I wonder too, How does a Christian documentary open at a theatre like the Langley Colossus which is also showing The Bourne Legacy and Sinister? Has anyone walked out of the theatre when they realized that Hellbound? was a documentary instead of a thriller?
If you’ve seen Hellbound?, can you let me know, I thought I saw a shot of the interior of First Baptist Church in downtown Vancouver—is that right? And when you see the pastor who was dismissed from his church for questioning the existence of hell, is he holding a copy of Common Prayer: A Liturgy for Ordinary Radicals? It looks like my copy of the book!
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15 thoughts on “Hellbound?”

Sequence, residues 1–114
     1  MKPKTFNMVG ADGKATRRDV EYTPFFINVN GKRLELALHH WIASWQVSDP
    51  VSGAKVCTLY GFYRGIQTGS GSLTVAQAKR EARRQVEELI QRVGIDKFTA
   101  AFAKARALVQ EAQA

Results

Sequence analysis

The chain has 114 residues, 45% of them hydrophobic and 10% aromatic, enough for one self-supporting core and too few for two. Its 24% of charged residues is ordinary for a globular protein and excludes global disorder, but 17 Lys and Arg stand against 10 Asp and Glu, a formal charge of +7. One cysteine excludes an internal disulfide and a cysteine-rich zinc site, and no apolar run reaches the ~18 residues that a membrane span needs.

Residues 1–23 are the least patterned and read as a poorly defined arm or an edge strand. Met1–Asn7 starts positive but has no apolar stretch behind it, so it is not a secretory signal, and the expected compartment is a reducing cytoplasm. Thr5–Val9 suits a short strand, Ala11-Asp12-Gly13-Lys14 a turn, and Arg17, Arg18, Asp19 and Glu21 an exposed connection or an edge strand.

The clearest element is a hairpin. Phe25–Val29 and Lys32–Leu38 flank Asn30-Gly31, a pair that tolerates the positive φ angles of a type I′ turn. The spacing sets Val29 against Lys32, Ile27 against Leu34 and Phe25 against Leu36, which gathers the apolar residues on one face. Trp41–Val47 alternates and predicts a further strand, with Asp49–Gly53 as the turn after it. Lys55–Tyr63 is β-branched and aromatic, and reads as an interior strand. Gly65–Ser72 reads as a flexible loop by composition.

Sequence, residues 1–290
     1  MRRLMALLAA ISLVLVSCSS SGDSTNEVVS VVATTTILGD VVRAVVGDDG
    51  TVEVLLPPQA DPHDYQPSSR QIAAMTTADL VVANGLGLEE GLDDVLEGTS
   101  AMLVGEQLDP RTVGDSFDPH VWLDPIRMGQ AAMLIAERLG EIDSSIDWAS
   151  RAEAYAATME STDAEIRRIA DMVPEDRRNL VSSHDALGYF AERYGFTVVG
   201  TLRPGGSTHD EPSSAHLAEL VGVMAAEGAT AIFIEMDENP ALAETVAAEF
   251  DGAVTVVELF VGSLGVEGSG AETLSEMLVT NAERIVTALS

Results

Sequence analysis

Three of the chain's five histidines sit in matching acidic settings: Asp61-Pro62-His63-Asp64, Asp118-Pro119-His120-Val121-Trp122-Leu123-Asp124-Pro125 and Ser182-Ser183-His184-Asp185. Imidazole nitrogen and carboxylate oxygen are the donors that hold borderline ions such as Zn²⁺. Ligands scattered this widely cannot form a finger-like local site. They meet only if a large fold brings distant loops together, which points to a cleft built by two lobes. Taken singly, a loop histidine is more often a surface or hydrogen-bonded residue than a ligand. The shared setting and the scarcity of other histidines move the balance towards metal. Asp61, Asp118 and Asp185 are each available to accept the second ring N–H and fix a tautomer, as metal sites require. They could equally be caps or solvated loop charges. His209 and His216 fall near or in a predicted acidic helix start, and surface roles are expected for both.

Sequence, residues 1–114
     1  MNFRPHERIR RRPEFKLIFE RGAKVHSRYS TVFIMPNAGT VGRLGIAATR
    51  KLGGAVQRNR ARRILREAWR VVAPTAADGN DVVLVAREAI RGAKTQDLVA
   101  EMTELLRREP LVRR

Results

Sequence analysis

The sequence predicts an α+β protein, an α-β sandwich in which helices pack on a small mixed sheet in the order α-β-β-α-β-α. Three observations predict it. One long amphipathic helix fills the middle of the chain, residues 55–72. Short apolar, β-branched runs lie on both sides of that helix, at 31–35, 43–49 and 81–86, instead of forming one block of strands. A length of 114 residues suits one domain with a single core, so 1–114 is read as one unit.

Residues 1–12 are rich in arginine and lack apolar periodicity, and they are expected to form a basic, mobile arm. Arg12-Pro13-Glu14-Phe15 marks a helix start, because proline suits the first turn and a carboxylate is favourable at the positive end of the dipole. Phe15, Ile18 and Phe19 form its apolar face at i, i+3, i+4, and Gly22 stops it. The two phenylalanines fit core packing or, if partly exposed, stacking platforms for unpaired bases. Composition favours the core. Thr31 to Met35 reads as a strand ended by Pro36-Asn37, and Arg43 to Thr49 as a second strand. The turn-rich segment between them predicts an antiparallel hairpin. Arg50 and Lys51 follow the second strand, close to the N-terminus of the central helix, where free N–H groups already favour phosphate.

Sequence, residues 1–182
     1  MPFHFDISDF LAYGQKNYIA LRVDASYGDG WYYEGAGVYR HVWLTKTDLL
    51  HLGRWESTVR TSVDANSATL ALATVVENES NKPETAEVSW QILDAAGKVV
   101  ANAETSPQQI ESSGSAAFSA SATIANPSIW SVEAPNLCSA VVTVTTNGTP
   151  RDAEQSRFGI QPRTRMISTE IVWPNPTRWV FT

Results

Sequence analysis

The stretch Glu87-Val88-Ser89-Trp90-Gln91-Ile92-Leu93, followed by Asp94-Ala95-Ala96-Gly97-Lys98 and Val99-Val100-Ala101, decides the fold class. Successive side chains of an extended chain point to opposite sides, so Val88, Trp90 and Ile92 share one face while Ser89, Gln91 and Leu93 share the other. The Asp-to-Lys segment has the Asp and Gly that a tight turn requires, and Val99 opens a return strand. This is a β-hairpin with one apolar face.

April, great summary of the film. And yes the pastor was holding that book! I was excited to see it getting a free plug : )
I had the same question as you did when I saw it advertised as opening in Langley and Vancouver….who would its audience be. I was surprised that Cineplex offered it but am not surprised that only ten people attended. I thought I’d wait for renting it , or like you say dvd. maria
April: I’m not sure what you mean by “Where were the scholars?” Are you saying that one must teach at a university to be a scholar? Brad Jersak has a PhD, I am working on one, Greg Boyd has two PhD’s, we have all published a score of books between the three of us. Jamie-Clark Soles and Sharon Baker both have PhD’s and teach at accredited institutions and have published. What makes a scholar? That line felt a bit unfair although I appreciated the rest of your review.